Taken off the coast of Mexico’s Holbox Island by amateur photographer Sandra Critelli, this breathtaking picture captures the migration of thousands of rays as they follow the clockwise current from Mexico’s Yucatan peninsula to western Florida.

Measuring up to 6ft 6in across, poisonous golden cow-nose rays migrate in groups – or ‘fevers’ – of up to 10,000 as they glide their way silently towards their summer feeding grounds. Thanks to Ramon Brunings.

via The great ocean migration… thousands of majestic stingrays swim to new seas | Mail Online.

How Sarah Palin Is Reshaping Feminism June 11, 2010

Posted by tkcollier in Religion.
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The Christian right is now poised to become a women’s movement—and Sarah Palin is its earthy Jerry Falwell.

via How Sarah Palin Is Reshaping the Religious Right – Newsweek.

Congress Plugs BP Oil Leak June 7, 2010

Posted by tkcollier in Cool photos, Enviroment, Humor.
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Thanks to Mike Douso

Bernie Madoff BMOC June 7, 2010

Posted by tkcollier in Business.
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rom the day Bernard Lawrence Madoff, prisoner No. 61727-054, arrived at the softer of Butner’s two medium-security facilities in handcuffs and shackles, his over-the-collar hair shorn close, his rich man’s paunch diminished, he was a celebrity, even if his admirers were now murderers and sex offenders

“People just kept throwing money at me,” Madoff related to a prison consultant who advised him on how to endure prison life. “Some guy wanted to invest, and if I said no, the guy said, ‘What, I’m not good enough?’ ” One day, Shannon Hay, a drug dealer who lived in the same unit in Butner as Madoff, asked about his crimes. “He told me his side. He took money off of people who were rich and greedy and wanted more,” says Hay, who was released in December. People, in other words, who deserved it.

via An Inside Look at Bernie Madoff’s Life in Prison — New York Magazine.

Giant 125 year-old Rhododendron June 6, 2010

Posted by tkcollier in Cool photos, Enviroment.
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This 125 year old Rhododendron is about 25 ft high and 30 ft wide.
It is in down town Ladysmith, Vancouver Island, B.C.Thanks to Mike Douso. From this link you can “enlarge Wall

paper” to download it.

Giant rhododendron – Flowers Wallpaper 371355 – Desktop Nexus Nature.

Suicidal iPad Makers June 5, 2010

Posted by tkcollier in Business, Science & Technology.
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Ask around among the more than 250,000 workers at the Shenzhen complex, and you’ll find explanations. One 21-year-old assembly-line worker, who asked that his name not be used, says conditions at Foxconn, the world’s largest electronics contract manufacturer, make his life seem meaningless. He says conversation on the production line is forbidden, bathroom breaks are kept to 10 minutes every two hours, and workers get yelled at frequently. . So far this year, 10 Foxconn workers have committed suicide.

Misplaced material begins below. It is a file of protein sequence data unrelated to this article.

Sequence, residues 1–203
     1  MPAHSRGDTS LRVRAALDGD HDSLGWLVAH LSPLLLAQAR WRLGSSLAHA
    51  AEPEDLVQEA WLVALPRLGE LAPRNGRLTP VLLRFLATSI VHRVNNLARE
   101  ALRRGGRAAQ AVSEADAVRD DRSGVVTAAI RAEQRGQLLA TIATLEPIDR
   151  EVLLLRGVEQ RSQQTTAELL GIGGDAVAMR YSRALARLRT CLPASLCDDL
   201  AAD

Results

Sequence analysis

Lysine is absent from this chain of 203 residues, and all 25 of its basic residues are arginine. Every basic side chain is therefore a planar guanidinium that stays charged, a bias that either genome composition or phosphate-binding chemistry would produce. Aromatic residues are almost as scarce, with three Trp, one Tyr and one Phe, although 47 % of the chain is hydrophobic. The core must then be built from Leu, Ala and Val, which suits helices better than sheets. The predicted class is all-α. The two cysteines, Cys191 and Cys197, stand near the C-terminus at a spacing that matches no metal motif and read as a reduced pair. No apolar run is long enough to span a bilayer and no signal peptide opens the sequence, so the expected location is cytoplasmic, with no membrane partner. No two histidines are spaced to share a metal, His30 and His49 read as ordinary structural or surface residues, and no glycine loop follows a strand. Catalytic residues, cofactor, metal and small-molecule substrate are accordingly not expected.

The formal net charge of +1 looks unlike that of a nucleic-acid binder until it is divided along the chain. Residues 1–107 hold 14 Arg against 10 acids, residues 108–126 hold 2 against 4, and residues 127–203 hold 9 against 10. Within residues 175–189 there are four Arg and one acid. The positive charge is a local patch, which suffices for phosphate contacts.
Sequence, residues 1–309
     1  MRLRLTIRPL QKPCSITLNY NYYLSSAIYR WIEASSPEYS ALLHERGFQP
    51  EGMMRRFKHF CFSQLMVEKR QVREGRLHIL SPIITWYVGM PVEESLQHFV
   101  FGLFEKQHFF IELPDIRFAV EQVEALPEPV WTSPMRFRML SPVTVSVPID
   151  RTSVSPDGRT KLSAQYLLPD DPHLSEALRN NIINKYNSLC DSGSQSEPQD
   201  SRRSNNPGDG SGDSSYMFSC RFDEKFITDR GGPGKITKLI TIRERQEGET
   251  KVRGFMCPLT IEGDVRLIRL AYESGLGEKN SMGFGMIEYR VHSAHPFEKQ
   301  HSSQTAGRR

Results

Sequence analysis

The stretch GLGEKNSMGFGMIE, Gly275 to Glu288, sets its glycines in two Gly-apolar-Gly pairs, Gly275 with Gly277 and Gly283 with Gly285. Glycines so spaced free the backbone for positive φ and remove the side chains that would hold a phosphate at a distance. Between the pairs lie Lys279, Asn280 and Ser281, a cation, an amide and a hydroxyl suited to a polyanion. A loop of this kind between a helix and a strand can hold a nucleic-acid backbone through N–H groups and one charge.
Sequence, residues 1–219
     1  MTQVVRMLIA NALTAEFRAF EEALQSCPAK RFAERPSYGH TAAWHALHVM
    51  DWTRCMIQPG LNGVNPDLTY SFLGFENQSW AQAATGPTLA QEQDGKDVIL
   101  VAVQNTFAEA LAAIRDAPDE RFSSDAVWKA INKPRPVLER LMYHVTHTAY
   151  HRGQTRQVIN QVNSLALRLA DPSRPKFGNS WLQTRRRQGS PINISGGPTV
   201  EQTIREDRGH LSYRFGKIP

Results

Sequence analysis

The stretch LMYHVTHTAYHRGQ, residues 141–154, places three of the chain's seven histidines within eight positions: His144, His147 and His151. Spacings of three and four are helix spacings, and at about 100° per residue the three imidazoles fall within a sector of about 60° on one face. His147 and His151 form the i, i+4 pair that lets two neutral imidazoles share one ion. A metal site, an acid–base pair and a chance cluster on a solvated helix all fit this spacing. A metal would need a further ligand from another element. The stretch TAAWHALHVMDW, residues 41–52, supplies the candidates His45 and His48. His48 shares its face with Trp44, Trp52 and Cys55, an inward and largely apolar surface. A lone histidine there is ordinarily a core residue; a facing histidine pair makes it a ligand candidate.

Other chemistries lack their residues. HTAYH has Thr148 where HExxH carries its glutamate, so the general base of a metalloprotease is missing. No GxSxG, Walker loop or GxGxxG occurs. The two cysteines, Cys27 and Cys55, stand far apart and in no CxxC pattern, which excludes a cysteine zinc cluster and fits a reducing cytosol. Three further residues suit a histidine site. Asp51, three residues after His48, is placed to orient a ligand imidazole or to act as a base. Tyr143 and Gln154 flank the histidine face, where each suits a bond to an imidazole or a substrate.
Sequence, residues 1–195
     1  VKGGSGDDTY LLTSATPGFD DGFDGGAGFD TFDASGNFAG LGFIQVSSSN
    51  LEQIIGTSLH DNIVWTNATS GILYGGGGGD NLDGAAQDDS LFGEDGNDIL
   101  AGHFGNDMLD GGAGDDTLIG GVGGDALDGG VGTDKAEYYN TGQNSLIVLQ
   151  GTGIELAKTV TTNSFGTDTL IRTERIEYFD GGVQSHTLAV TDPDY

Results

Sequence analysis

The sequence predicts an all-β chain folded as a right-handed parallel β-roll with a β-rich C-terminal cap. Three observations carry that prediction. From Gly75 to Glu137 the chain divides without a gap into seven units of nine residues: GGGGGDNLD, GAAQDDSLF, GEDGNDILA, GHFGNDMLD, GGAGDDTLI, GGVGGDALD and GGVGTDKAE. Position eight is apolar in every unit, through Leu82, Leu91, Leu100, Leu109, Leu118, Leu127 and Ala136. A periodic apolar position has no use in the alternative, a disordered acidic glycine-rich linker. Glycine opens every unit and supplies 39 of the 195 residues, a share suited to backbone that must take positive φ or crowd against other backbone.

No one disputes that Taipei-based Foxconn, also known as Hon Hai, has cultivated a tough culture. The company generates more revenue in a year than Apple, Dell, or Microsoft (MSFT). It has grown in profitable obscurity to become an industry juggernaut for a simple reason, says Pamela Gordon of Technology Forecasters, a supply-chain research firm: “It’s the prices. Their prices are lower for high-quality work.” Foxconn won Apple’s order to make the iPhone after Gou directed the business units that make components to sell parts at zero profit, according to two people familiar with the chairman’s actions. Net income jumped 37 percent in 2009 to $2.3 billion, Foxconn’s second-best year on record. Foxconn’s suicides are a reminder of the human cost that can come with the low-cost manufacturing U.S. tech companies demand.

via Why Apple and Others Are Nervous About Foxconn – BusinessWeek.

Why It Is Harder For Drinkers To Quit Smoking June 5, 2010

Posted by tkcollier in health.
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If drinking and smoking seem inextricably linked, perhaps it’s because in the brain’s pleasure centre they actually are.

Alcoholics often have a particularly hard time quitting cigarettes. Traute Flatscher-Bader at the University of Queensland in Brisbane, Australia, and colleagues wondered why this should be. So they did a post-mortem analysis of gene expression in the brains of smokers, alcoholics and those who had done both during their lives.

They found that a group of genes in the nucleus accumbens – an area involved in creating pleasurable feelings – were expressed most strongly in their group of alcoholic smokers (Alcoholism: Clinical and Experimental Research, DOI: 10.1111/j.1530-0277.2010.01207.x).

These genes play a role in rewiring the neurons in the nucleus accumbens. That means people who both smoke and drink might get a greater reward, making it harder for them to quit, says Flatscher-Bader.

Knowing that the link between drinking and smoking may not be purely social could lead to new ways to treat addiction.

via Trying to quit smoking? The devil is in the drink – health – 05 June 2010 – New Scientist.

What Makes Finnish Kids So Smart? June 5, 2010

Posted by tkcollier in Books, Lifestyle.
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High-school students here rarely get more than a half-hour of homework a night. They have no school uniforms, no honor societies, no valedictorians, no tardy bells and no classes for the gifted. There is little standardized testing, few parents agonize over college and kids don’t start school until age 7. Yet by one international measure, Finnish teenagers are among the smartest in the world.